As everyone knows, cancerous tumours are a major disease of our time, a massive contributor to mortality rates worldwide and a socioeconomic burden on healthcare systems.
Currently, the diagnosis, staging and treatment assessment of various cancerous tumours rely on the PET/CT (Positron emission tomography / Computer tomography) scanner, considered the golden standard. However, this technology suffers from a significant amount of clinical limitations and disadvantages: besides being very expensive, it exposes patients to harmful ionising radiation; it requires hospitals to be equipped with a “hot lab” to handle radioactive material; it provides limited information about cancerous lesions, which do not include grade or aggressiveness. Moreover, this method requires weeks, sometimes even months, to determine the response to a certain treatment.
A viable alternative to PET/CT for cancer staging and treatment assessment came to light a decade ago, when a technological breakthrough in magnetic resonance imaging (MRI) succeeded in increasing the MRI signal of target molecules by over 10,000-fold. This increase in sensitivity, termed "hyperpolarization", enables targeted molecular imaging, and it proved successful in assessing tumour aggressiveness and response to therapy. Unfortunately, this promising method is still limited by the long time required to achieve hyperpolarization and the high cost, volume and weight of the equipment needed for this purpose.
This challenge has been taken up by the University of Ulm and a spin-off start-up from its renowned institute of Theoretical Physics and Quantum Optics, named NVision Medical Imaging, which joined forces in the ambitious project QUSMI. A side result of the research carried out during two previous FET projects, DIAMANT and DIADEMS, was in fact the discovery that the controlling properties of nitrogen-vacancies (NV) centres in diamonds over the surrounding nuclear spins could also be used to transfer the NV optical polarization to other molecules and achieve first-of-a-kind room temperature hyperpolarization of a variety of molecules.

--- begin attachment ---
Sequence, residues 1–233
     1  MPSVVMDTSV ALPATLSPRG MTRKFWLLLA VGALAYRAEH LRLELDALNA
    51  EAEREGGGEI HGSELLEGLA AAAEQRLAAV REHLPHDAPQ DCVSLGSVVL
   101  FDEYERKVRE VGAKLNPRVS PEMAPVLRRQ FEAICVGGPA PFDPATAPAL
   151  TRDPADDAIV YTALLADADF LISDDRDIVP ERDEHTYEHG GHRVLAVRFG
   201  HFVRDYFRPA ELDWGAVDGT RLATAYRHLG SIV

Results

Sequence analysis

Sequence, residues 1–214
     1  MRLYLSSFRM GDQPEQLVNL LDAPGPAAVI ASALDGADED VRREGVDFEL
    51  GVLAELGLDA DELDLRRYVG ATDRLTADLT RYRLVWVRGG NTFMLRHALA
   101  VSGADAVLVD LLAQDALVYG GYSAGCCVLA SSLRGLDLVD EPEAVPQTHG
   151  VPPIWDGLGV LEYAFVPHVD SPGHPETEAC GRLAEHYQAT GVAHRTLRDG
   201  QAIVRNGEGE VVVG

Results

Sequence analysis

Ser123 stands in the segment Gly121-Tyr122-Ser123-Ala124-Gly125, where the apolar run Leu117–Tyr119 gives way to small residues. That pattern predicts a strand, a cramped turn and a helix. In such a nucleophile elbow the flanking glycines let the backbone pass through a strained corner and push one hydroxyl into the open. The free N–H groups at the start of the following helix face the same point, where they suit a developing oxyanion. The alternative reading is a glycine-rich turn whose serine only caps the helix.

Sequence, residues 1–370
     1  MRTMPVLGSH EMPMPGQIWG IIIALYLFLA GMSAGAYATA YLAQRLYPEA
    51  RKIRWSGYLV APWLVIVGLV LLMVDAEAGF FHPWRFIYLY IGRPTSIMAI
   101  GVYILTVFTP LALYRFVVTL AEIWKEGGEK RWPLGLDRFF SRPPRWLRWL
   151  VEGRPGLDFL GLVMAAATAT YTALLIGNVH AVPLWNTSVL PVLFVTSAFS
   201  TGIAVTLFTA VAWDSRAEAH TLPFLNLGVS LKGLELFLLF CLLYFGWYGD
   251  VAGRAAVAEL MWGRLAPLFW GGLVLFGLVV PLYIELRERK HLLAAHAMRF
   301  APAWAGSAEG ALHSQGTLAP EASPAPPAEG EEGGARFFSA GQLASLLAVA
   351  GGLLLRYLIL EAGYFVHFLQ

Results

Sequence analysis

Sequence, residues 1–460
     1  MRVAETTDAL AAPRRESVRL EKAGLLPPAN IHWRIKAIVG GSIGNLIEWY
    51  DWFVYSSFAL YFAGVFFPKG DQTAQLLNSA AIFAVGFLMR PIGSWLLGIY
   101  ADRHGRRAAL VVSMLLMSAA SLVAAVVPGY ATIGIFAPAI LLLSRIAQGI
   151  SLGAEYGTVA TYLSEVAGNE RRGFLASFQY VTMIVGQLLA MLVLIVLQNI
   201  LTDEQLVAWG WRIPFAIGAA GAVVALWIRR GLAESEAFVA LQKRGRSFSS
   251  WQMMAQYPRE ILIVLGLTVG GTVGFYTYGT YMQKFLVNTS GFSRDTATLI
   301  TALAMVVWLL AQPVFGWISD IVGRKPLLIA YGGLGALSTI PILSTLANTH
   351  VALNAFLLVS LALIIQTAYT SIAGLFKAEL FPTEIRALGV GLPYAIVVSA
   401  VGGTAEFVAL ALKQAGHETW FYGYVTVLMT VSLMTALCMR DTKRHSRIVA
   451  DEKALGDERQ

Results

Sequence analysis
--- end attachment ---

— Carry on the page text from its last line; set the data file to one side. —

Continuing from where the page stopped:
Thus, the QUSMI project aims at commercialising the first viable, non-radioactive alternative to PET/CT for non-invasive diagnosis and staging of cancer: a Diamond Hyperpolarizer that will allow achieving room-temperature hyperpolarization of metabolic molecules. The components needed in the current state-of-the-art systems will be replaced by a low-cost laser and a microwave resonator system, thus greatly reducing the costs and enabling much wider access to hyperpolarized imaging. Furthermore, hyperpolarization will be performed at room temperature within 2 minutes, instead of the 60-90 minutes currently needed. And, last but not least, this “new” molecular imaging system will be synergistic with the standard structural MRI scanners.
The main advantage of this technology will be a greater accuracy of diagnosis compared to PET/CT, as the hyperpolarized MRI will be able to differentiate tissues and stage tumours based on their metabolic signature. As a result, the patient management of cancer will become easier and more effective, thanks to the improved cancer diagnostics, staging and treatment response assessment, while global healthcare costs will decrease.
The prototype of the Diamond Hyperpolarizer is currently under development within the HYPERDIAMOND project, while the FET Innovation Launchpad project QUSMI is focusing on the commercial exploitation of the technology: by assessing the customer needs, reaching out to strategic partners, consolidating the IP portfolio and strategy and developing a sound business plan, QUSMI is placing the consortium in a position to attract private investors and paving the way for the commercialisation of this disruptive technology.
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